Privacy Shield lawsuits in EU court face ‘admissibility’ hurdle

31 January 2017 9:54am

First published by MLex 16 November 2016. By Vesela Gladicheva.

The EU-US Privacy Shield deal for data transfers could be in trouble, after Irish and French civil-society groups pressed the EU’s lower-tier General Court to annul the accord. But before the privacy activists even get a chance to argue their case, EU judges will think long and hard about whether to review the challenges.

Agreeing to hear the cases could open the floodgates to lawsuits from countless individuals, companies and lobbyists unhappy with other EU rules and decisions. This could put a significant strain on the court and its judges.

If the lower court decides the lawsuits fall outside its remit, the activists could still challenge the agreements through a more traditional route: They could voice their concerns in a national court, which could then refer the case to the EU’s highest court in Luxembourg.

The EU Court of Justice already has a track record in annulling international deals. In October 2015, the court scrapped the Privacy Shield’s predecessor because it failed to protect European citizens from US government agencies harvesting their data.

The Privacy Shield accord replaced the repealed “Safe Harbour” agreement that allowed some 4,500 US companies, including Google and Coca-Cola, to shift personal information in and out of the EU by certifying that they comply with the bloc’s data-protection rules.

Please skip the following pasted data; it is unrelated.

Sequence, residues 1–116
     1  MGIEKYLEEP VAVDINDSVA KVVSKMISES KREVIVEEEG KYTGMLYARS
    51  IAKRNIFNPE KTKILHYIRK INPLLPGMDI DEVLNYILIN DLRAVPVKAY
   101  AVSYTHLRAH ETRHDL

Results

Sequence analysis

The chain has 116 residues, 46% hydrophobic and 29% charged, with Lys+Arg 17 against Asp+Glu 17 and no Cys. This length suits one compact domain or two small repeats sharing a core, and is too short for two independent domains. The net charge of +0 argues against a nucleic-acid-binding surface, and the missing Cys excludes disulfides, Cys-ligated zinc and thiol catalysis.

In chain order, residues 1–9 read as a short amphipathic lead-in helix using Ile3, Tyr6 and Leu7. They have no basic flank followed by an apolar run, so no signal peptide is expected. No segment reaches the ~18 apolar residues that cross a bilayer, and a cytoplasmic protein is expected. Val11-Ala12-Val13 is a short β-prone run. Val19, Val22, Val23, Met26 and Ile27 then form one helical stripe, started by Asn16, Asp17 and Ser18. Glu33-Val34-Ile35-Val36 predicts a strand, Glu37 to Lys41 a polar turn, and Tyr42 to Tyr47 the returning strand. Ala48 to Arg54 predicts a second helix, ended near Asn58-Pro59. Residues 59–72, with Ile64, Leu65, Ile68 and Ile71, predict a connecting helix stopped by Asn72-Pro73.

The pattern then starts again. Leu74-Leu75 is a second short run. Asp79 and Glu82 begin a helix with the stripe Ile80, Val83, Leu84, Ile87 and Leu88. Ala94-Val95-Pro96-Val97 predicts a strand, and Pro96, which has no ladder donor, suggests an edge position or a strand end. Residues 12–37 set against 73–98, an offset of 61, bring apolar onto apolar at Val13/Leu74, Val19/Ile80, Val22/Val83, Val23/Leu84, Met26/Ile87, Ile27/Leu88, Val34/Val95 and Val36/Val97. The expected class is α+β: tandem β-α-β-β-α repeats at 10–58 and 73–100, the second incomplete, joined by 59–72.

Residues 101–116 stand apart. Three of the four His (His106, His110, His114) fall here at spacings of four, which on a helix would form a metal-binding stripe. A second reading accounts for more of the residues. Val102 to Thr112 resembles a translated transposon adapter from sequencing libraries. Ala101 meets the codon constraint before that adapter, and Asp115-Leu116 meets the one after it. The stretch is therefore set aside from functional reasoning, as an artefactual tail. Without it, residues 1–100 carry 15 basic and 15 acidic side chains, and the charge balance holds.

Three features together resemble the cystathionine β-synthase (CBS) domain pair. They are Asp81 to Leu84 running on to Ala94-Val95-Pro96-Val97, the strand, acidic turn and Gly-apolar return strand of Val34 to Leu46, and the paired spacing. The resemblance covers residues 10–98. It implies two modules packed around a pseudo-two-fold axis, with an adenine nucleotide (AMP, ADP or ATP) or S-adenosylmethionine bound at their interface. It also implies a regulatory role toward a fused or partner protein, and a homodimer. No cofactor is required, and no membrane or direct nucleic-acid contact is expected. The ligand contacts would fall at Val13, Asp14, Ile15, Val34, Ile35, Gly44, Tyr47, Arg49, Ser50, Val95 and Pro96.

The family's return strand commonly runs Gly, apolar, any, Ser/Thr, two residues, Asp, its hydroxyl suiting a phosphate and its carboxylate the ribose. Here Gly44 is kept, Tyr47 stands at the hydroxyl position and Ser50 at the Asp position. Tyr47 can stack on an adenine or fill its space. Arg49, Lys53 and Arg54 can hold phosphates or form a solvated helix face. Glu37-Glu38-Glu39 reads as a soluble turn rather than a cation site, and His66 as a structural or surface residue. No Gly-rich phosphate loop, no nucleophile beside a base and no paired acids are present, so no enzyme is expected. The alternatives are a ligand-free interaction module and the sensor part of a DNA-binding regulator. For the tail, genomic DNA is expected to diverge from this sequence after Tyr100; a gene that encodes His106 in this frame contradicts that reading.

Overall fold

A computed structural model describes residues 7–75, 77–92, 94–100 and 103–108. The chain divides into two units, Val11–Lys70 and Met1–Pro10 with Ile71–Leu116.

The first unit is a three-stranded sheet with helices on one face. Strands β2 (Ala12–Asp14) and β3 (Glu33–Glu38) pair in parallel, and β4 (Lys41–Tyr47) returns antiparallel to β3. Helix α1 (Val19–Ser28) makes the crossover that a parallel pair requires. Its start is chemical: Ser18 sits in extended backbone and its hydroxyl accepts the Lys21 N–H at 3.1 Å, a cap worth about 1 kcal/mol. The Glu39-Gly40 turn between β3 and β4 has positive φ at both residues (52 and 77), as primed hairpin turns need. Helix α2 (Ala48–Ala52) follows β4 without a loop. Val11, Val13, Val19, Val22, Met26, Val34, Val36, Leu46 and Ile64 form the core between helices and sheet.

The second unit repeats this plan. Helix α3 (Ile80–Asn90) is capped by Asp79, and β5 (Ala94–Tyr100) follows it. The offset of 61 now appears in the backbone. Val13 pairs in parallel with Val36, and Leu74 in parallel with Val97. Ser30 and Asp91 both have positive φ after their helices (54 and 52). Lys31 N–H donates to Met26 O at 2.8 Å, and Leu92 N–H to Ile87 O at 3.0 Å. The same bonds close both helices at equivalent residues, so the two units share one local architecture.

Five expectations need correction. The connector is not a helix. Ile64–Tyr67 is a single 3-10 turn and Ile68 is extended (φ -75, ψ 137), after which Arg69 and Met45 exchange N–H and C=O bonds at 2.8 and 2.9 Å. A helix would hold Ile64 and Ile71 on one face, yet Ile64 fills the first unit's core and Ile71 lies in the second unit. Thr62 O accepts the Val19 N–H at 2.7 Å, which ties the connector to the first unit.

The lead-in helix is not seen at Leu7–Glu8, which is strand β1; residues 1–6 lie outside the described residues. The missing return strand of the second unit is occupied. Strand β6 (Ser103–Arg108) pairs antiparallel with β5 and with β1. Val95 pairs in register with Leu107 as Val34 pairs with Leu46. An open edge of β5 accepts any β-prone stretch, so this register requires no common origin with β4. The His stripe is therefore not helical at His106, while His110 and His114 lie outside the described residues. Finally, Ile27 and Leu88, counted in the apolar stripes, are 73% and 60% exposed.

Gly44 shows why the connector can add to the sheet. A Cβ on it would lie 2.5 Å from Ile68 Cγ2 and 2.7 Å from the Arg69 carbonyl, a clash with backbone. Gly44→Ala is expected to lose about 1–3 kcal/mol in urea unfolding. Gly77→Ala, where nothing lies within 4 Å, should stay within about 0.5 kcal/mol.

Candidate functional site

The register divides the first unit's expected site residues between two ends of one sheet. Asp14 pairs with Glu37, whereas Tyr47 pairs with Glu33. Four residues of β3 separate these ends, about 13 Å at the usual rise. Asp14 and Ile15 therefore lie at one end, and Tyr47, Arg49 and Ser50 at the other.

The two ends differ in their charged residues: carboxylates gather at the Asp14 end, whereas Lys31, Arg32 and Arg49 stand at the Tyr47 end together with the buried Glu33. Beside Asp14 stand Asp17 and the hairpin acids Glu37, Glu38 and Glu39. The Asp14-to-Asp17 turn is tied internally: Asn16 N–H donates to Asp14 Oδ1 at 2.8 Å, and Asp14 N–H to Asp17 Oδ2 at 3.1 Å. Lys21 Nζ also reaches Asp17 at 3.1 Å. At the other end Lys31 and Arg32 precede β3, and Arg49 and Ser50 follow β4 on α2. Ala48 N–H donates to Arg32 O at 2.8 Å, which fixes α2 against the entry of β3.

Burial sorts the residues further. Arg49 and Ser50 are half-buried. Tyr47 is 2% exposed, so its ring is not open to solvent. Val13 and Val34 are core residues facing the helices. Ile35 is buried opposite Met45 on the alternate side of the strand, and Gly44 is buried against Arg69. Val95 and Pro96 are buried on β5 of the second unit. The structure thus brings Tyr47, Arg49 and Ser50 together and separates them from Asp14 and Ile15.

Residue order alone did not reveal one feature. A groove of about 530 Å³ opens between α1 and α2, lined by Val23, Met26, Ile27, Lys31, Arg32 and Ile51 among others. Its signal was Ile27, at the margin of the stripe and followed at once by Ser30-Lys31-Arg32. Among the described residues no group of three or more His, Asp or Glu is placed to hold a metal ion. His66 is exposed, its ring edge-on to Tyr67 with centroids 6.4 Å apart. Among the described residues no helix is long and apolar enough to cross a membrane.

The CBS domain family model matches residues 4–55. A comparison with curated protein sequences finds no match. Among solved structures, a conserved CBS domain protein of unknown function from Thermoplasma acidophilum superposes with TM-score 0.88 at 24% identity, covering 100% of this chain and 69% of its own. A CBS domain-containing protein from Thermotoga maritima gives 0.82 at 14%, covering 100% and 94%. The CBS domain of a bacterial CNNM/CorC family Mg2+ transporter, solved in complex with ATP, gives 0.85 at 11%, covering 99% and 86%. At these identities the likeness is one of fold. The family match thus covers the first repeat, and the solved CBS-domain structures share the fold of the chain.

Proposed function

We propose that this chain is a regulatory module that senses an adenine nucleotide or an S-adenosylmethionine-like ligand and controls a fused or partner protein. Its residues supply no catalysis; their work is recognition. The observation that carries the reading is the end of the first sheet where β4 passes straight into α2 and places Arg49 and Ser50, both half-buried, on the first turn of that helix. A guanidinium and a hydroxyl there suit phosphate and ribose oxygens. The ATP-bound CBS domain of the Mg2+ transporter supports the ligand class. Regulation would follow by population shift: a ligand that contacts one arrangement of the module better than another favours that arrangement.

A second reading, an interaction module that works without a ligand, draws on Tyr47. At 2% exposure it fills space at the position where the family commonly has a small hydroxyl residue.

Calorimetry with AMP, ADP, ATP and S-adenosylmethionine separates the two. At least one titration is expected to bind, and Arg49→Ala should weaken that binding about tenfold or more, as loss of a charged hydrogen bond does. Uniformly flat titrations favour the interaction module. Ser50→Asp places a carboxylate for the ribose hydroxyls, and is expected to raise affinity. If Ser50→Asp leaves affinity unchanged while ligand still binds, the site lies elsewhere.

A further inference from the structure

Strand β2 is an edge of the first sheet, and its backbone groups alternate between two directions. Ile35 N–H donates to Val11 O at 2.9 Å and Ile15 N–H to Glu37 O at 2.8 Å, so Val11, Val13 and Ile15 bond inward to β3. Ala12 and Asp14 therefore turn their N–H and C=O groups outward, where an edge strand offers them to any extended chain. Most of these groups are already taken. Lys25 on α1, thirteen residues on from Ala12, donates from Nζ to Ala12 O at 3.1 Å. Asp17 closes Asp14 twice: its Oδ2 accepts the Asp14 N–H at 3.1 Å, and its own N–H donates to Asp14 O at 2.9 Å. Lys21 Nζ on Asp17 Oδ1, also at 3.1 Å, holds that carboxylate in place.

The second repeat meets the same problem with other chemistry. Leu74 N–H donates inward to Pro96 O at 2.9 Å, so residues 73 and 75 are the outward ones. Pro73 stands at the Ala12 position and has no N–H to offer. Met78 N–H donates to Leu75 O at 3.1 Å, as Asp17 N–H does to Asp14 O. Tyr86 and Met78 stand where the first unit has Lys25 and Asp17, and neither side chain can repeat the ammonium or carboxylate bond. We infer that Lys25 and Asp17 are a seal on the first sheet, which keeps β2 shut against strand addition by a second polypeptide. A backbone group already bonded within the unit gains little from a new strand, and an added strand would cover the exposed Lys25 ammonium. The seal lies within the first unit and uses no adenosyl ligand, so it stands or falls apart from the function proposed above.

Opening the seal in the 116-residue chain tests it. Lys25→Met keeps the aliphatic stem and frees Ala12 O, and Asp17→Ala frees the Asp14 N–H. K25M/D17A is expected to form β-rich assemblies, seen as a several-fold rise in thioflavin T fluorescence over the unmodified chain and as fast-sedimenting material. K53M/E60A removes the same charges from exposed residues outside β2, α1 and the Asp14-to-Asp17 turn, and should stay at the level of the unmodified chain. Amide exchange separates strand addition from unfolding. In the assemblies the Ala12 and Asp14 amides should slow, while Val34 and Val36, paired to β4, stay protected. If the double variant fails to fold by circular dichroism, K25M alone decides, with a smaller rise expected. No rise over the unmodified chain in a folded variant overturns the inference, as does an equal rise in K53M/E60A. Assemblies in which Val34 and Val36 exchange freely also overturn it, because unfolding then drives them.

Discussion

But two months after it came into force on Aug. 1, Digital Rights Ireland asked the General Court in Luxembourg to strike down the accord. A similar lawsuit was filed a month later by three French groups: La Quadrature du Net, a Paris-based group campaigning for an open Internet; the French Data Network, a not-for-profit Internet service provider; and Fédération FDN, an association of operators such as French Data Network.

They all argued that the Privacy Shield fails to protect Europeans from mass surveillance by US intelligence services.

Potential landmark decision

The EU’s General Court now faces an important if difficult decision about whether it can hear the challenges.

Revamped EU treaty rules from 2009 stipulate that individuals and companies can bring an action against EU decisions that are “of direct concern” to them.

This may prove to be a stumbling block as the civil-rights groups have to prove they are directly affected by the deal.

This type of action isn’t routine for the court. But if it decides to show its teeth, judges could be signaling to individuals, lobbyists and non-governmental organizations that there are more avenues to annul EU rules than previously thought.

The EU Court of Justice has shown that it’s possible to bring down EU laws and decisions, once national courts have scrutinized them. In addition to the ruling repealing the Safe Harbour agreement last year, in 2014 the court invalidated EU rules obliging telecom operators to retain subscriber data for law-enforcement purposes.

Real prospects?

Even if the General Court agrees to review the lawsuits, some commentators have cast doubt on their likely success.

“I’d be surprised … if the challenge in the end would be successful,” Peter Hustinx, who served as European Data Protection Supervisor for 10 years, told a conference in Brussels last week.

“The Privacy Shield would survive full scrutiny,” he said, describing the accord’s prospects as “fairly good.”

For now, the Privacy Shield agreement will remain in force and it could be while before its long-term fate is decided.